The development of the female figure sculptures in Greece starting from the archaic period and during the Hellenistic period reflects historical significance in ancient civilization. Each of the periods portrays its identifiable features of female sculptures. During the archaic period, the female figure, also called the Kore, was sculpted while clothed. The females stood with their feet together exposing their arms and feet. The respect attributed to women “necessitated the clothing of female sculptures” (Blundell, 1995). In addition, the sculptures presented archaic smiles that were simple and easy for artists. However, these sculptures reflected no emotions.
The second stage of sculpturing emerged during the classical period. During this time, sculptures were more melodramatic and presented unique features of the stage. Sculptures of nude females began to emerge in this period. Some of the nude females include the Aphrodite sculpture and Athena. Artists exploited ornamental potentialities of the wind-blown design to promote fabric cover. Athena, the goddess, “was a nude sculpture which could be clothed periodically” (Pollitt, 1990).
The Hellenistic period succeeded the classical period. Due to the changing cultural values, artists reflected personality and emotional conditions of individuals. By the use of detailed and symbolical sculpturing, the artists designed figures focused on certain specifications. The relationship that “existed between gods and giants was of significant importance to the artists” (Blundell, 1995). The female sculptures portray the values attached to women and the position they held in the society.
A single piece of sculpture that reflected the stylish principles of the Greek art is the Athena. This sculpture represented a goddess who was Zeus’ daughter. Based on this, Athena was a nude sculpture “designed with the use of valuable materials like bronze and marble” (Pollitt, 1990). This grandiose work was well ordered in the chryselephantine system. Therefore, the sculpture was constantly clothed and provided with security to elicit the importance attached to it. In addition, the sculpture reflected the distinct conditions of the period.
The major techniques used by Roman architects include the vaults and arches. Vaults were techniques that provided space as well as ceiling for huge buildings. As such, the “vaults enhanced thrust and countered resistance” (Nardo, 2001). The main vaults used were the domes and barrel vaults. On the other hand, arches entailed structures with curved nature that could withstand heavy weights. By the use of this technique, the architects could design buildings with large span openings facilitating the support of heavy weights. In addition, creative and exploratory crafts were attainable. Meanwhile, the architects could design different types of columns such as Doric, Ionic, and Corinthian types. These types created varied forms of buildings that suited the interests of individuals’ statuses. Some of the reputable buildings included the aqueducts of Rome as well as Baths of Diocletian and Caracalla. In addition, the basilicas and Colosseum were very important to the Roman Empire. In this regard, these types of buildings were replicated in smaller regions of the empire (Adam, 1994).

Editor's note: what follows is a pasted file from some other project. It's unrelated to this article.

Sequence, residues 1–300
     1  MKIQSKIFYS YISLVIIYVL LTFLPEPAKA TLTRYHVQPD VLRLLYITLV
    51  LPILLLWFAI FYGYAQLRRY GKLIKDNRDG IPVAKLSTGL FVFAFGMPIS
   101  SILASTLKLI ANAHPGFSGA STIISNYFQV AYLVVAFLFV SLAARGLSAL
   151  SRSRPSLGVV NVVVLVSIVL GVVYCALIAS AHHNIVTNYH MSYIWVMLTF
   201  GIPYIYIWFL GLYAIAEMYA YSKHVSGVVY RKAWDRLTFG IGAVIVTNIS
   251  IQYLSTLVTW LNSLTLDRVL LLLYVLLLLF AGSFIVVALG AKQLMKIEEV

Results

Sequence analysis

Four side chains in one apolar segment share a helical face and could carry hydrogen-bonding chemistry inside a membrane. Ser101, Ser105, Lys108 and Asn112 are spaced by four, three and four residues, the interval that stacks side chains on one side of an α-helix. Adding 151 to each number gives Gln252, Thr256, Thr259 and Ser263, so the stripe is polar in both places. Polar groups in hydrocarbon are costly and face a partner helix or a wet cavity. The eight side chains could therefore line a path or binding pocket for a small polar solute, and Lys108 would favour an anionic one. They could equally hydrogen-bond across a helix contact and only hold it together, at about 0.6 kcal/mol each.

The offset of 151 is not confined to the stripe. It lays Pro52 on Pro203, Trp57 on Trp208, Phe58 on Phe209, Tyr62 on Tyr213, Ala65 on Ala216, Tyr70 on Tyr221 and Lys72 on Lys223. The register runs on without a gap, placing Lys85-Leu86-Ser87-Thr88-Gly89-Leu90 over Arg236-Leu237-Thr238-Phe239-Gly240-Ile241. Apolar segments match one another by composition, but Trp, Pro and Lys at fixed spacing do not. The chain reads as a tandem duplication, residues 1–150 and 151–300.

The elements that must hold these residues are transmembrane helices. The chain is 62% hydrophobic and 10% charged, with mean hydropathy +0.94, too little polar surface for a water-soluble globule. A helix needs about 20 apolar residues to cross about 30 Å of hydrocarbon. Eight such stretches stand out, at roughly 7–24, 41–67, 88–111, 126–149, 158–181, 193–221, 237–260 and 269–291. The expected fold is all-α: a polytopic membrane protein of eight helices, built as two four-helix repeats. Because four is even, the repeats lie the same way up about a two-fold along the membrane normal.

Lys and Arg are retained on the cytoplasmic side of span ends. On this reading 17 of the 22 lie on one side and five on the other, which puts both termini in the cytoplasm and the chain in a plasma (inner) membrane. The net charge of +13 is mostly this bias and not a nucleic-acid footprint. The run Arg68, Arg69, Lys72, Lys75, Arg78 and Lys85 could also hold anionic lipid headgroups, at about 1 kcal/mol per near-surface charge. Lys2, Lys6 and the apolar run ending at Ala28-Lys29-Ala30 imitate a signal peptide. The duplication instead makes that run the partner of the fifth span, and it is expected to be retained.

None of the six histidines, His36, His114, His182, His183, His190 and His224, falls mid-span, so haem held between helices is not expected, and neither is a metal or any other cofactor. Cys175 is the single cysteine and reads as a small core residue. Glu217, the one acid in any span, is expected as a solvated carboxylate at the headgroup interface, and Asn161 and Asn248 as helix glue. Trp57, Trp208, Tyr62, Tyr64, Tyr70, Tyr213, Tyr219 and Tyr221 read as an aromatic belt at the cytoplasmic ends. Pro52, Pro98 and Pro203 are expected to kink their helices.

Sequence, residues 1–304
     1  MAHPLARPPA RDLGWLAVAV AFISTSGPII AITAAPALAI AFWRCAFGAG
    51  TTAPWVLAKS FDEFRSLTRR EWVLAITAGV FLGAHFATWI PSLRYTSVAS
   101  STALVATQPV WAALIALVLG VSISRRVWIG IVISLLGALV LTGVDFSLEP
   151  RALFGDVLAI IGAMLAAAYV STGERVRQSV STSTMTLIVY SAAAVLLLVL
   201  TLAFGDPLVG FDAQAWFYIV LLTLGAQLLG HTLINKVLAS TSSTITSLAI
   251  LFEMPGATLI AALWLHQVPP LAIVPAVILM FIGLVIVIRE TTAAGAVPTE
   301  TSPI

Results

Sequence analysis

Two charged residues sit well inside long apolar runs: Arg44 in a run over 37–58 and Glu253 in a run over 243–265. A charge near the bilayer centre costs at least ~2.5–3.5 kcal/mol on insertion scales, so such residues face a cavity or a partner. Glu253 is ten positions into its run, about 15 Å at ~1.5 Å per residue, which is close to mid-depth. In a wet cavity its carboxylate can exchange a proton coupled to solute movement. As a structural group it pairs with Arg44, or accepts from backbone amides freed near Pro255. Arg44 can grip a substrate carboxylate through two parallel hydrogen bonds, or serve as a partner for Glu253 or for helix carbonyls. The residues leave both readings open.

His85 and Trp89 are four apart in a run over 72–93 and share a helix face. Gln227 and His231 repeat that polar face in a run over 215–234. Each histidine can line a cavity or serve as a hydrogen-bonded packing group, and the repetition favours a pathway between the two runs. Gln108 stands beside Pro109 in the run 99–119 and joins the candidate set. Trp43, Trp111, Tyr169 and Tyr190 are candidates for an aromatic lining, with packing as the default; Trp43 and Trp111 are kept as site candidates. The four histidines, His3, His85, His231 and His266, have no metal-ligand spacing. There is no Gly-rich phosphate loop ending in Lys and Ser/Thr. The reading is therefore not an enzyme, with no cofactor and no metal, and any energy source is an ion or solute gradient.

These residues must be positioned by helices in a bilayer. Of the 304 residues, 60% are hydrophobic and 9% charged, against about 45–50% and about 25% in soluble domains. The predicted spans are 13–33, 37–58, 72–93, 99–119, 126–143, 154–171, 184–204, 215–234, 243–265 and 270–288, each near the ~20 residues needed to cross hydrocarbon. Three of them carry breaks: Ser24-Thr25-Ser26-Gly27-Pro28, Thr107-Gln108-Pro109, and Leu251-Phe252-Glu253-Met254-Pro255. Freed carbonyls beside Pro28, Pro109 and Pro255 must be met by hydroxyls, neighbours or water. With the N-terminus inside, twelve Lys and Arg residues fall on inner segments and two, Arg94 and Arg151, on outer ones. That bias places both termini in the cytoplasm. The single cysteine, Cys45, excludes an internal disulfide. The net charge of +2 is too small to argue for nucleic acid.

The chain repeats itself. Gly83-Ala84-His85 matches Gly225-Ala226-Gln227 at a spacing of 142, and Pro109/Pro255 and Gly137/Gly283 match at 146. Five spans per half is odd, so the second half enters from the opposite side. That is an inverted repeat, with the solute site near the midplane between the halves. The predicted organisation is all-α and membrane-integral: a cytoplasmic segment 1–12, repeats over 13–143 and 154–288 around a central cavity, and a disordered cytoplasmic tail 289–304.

The Greek Parthenon and the Roman Pantheon refer to building structures that exhibit similar and distinct features. The rulers meant the buildings for religious roles. In this case, the Parthenon was meant for paying tribute to the Greek god of Athena. On the contrary, the creation of Pantheon aimed at honoring the Roman god called Jupiter. The Greek Parthenon referred to rectangular buildings. The Parthenon “consisted of rounded tops called the Doric columns intended for honoring of gods” (Mann, 1998). On the other hand, the Roman Pantheon entailed round buildings that had square fronts. Similarly, the Pantheon had fancy flowers or pictures at the peak of columns. They were also known as Corinthian columns. These types of buildings represent unique periods and culture of the two regions. The periods entail the competition for architectural supremacy and the need to enhance beautiful scenery. In addition, the culture reflected the need for honoring their gods with supreme creations.